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State v. Winn

Supreme Court of Oregon

June 29, 2017

STATE OF OREGON, Petitioner on Review,
v.
KAYLAN MICHELLE WINN, Respondent on Review.

          Argued and submitted March 9, 2017, at the University of Oregon School of Law, Eugene.

         On review from the Court of Appeals CC 12C46360; CA A154313. [*]

          Rolf C. Moan, Assistant Attorney General, Salem, argued the cause and fled the brief for petitioner on review. Also on the brief were Ellen F. Rosenblum, Attorney General, and Benjamin Gutman, Solicitor General.

          Emily P. Seltzer, Deputy Public Defender, Salem, argued the cause and fled the brief for respondent on review. Also on the brief was Ernest G. Lannet, Chief Defender, Offce of Public Defense Services.

          Amanda Garty, Portland, fled the brief for amicus curiae Oregon Justice Resource Center.

          Before Balmer, Chief Justice, and Kistler, Walters, Landau, Brewer, Nakamoto, and Flynn, Justices. [**]

         The decision of the Court of Appeals is reversed. The judgment of the circuit court is vacated, and the case is remanded to the circuit court for further proceedings consistent with this decision.

         [361 Or. 637] Case Summary:

         Before her trial on a charge of possession of methamphetamine, ORS 475.894, defendant moved under Article I, section 9, of the Oregon Constitution, to suppress drug evidence found by a courthouse security officer during a purportedly consensual search of her purse. The trial court denied the motion and defendant was convicted. On defendant's appeal, the Court of Appeals reversed and remanded, holding that, although defendant had consented without qualification to the security officer's general request to search the purse by hand (after running it twice through an x-ray screening device), her consent did not extend to opening the small, opaque compact, inside the purse, in which the drugs were found. The state sought review, arguing that, as a general rule, a person's unqualified affirmative response to a security officer's general request to search some place or property constitutes consent to open and search any unlocked container discovered therein. Held: The dispositive inquiry under Article I, section 9 is a factual inquiry into whether defendant intended to consent to the search of closed containers inside the purse and, given that it is unclear whether the trial court so understood the inquiry and given that opposing inferences would be permissible on the record before the court, the case must be remanded to the circuit court to reconsider its decision under the correct standard.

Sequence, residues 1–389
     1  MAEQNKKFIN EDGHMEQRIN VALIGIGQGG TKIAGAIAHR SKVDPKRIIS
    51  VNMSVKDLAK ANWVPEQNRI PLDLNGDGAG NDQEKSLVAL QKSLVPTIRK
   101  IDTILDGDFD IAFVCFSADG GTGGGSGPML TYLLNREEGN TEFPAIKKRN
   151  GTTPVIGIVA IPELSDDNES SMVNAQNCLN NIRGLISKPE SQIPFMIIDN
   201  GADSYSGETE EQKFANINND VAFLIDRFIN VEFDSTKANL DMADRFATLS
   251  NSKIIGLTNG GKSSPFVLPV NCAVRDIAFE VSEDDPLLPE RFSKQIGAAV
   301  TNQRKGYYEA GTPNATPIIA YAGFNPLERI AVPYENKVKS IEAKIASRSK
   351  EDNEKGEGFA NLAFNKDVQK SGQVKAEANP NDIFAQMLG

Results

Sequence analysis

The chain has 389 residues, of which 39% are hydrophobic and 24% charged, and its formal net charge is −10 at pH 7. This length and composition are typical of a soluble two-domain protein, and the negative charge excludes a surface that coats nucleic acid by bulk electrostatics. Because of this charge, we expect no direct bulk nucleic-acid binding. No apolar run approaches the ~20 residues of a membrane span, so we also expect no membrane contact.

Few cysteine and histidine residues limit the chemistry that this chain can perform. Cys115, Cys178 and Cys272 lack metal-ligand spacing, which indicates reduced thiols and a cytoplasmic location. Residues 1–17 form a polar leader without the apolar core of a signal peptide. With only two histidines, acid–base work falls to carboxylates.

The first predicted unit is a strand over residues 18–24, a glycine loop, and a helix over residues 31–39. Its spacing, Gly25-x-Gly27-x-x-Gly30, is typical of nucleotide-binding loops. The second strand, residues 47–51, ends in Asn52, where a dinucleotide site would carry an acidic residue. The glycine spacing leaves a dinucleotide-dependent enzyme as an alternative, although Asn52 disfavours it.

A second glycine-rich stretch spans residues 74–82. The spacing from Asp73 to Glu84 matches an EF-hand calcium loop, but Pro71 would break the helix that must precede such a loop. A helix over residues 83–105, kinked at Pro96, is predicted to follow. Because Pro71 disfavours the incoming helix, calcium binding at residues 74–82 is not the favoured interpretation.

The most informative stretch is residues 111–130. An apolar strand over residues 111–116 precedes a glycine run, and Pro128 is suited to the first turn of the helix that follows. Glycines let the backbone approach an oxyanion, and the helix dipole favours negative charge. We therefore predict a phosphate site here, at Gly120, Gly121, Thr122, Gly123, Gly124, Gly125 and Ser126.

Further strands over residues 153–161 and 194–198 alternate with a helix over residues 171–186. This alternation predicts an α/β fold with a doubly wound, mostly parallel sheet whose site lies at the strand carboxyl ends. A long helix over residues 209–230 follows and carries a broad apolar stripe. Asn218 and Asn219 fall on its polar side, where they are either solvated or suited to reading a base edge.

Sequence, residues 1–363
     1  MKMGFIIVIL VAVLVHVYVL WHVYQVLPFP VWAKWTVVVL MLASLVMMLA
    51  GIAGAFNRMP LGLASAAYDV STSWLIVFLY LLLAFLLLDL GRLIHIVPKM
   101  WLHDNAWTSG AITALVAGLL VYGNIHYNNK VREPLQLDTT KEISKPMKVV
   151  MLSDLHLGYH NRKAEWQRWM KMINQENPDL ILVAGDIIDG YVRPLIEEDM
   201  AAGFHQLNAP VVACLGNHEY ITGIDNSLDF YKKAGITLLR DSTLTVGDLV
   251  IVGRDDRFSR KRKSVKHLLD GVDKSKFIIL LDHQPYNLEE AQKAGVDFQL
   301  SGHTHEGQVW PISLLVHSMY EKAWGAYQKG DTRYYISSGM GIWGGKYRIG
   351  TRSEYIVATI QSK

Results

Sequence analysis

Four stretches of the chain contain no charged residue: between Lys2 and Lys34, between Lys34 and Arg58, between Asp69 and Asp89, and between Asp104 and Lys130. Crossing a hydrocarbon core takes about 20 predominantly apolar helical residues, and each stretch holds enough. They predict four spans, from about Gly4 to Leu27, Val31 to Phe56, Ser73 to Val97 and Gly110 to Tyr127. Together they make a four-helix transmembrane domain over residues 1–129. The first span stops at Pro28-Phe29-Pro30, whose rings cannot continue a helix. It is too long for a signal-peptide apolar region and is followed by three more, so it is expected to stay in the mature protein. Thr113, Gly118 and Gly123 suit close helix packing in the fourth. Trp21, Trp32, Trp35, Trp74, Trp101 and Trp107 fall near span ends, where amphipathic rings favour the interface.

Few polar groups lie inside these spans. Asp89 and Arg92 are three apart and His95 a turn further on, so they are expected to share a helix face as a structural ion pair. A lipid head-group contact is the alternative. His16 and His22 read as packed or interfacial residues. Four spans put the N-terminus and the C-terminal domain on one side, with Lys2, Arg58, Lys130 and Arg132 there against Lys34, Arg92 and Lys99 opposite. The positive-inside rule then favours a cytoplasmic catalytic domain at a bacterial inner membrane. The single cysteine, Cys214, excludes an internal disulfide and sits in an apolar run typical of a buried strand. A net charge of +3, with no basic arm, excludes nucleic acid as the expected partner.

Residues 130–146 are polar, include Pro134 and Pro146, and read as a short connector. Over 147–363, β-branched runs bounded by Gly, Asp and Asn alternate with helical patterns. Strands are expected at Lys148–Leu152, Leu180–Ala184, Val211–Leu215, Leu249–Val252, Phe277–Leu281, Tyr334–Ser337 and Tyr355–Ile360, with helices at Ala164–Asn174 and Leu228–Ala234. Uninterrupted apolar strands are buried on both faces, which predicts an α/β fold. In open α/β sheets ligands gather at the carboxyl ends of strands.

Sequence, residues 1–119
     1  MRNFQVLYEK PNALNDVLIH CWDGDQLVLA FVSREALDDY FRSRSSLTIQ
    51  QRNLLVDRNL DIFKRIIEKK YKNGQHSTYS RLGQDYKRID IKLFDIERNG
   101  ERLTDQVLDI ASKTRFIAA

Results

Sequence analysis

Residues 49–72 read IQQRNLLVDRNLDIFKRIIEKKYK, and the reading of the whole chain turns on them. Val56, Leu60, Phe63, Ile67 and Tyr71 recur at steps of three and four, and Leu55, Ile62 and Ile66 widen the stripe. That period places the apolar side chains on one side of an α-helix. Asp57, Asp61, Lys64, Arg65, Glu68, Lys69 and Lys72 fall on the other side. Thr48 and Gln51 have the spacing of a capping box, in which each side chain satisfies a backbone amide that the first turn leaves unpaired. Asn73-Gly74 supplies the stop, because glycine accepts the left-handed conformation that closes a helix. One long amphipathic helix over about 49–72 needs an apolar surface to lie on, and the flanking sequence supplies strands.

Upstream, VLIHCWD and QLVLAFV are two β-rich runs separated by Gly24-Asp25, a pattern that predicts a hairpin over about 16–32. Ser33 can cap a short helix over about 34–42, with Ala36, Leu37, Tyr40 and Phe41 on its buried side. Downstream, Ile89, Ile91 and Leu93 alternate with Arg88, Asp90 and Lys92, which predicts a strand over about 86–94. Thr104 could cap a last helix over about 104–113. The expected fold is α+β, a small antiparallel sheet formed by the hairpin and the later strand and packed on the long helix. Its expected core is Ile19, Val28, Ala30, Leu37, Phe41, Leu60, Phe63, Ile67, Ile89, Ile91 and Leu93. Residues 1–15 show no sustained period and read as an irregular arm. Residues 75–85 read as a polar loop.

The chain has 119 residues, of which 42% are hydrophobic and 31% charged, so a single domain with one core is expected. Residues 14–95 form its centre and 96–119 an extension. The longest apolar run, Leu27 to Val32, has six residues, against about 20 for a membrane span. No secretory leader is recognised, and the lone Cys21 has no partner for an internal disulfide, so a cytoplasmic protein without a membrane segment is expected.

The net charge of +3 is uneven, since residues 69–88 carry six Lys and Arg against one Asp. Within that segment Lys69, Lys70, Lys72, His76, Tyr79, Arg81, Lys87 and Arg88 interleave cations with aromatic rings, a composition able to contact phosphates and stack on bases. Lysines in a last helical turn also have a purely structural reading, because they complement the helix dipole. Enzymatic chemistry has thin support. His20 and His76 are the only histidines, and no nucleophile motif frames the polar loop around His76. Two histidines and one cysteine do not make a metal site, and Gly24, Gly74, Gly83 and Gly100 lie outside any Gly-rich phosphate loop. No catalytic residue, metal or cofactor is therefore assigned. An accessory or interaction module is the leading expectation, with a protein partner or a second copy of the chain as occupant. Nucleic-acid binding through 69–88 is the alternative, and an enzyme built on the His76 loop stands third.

The decision of the Court of Appeals is reversed. The judgment of the circuit court is vacated, and the case is remanded to the circuit court for further proceedings consistent with this decision.

         [361 Or. 638] BREWER, J.

         This is the second of two companion cases that implicate, for purposes of Article I, section 9, of the Oregon Constitution, the standard for determining the scope of a criminal defendant's consent to a law enforcement officer's request to search an item of personal property. In State v. Blair, 361 Or. 527, __ P.3d __ (2017), we reviewed a trial court's determination that the defendant's consent to a police officer's generalized request to search his backpack extended to the opening of a closed container inside the backpack. We concluded that the scope-of-consent inquiry is a factual one, directed at what the defendant actually intended. Because opposing inferences were permissible based on the record in that case, and because it was apparent that the trial court may not have appreciated the factual nature of the inquiry, we reversed and remanded for that court to determine the scope of the defendant's consent under the correct standard.

         In the present case, we review a trial court's determination that defendant's consent to a courthouse security officer's generalized request to search her purse by hand, after running it twice through a courthouse x-ray screening device, extended to opening a small compact case that the officer found inside the purse. For the reasons explained below, as in Blair, we vacate defendant's ...


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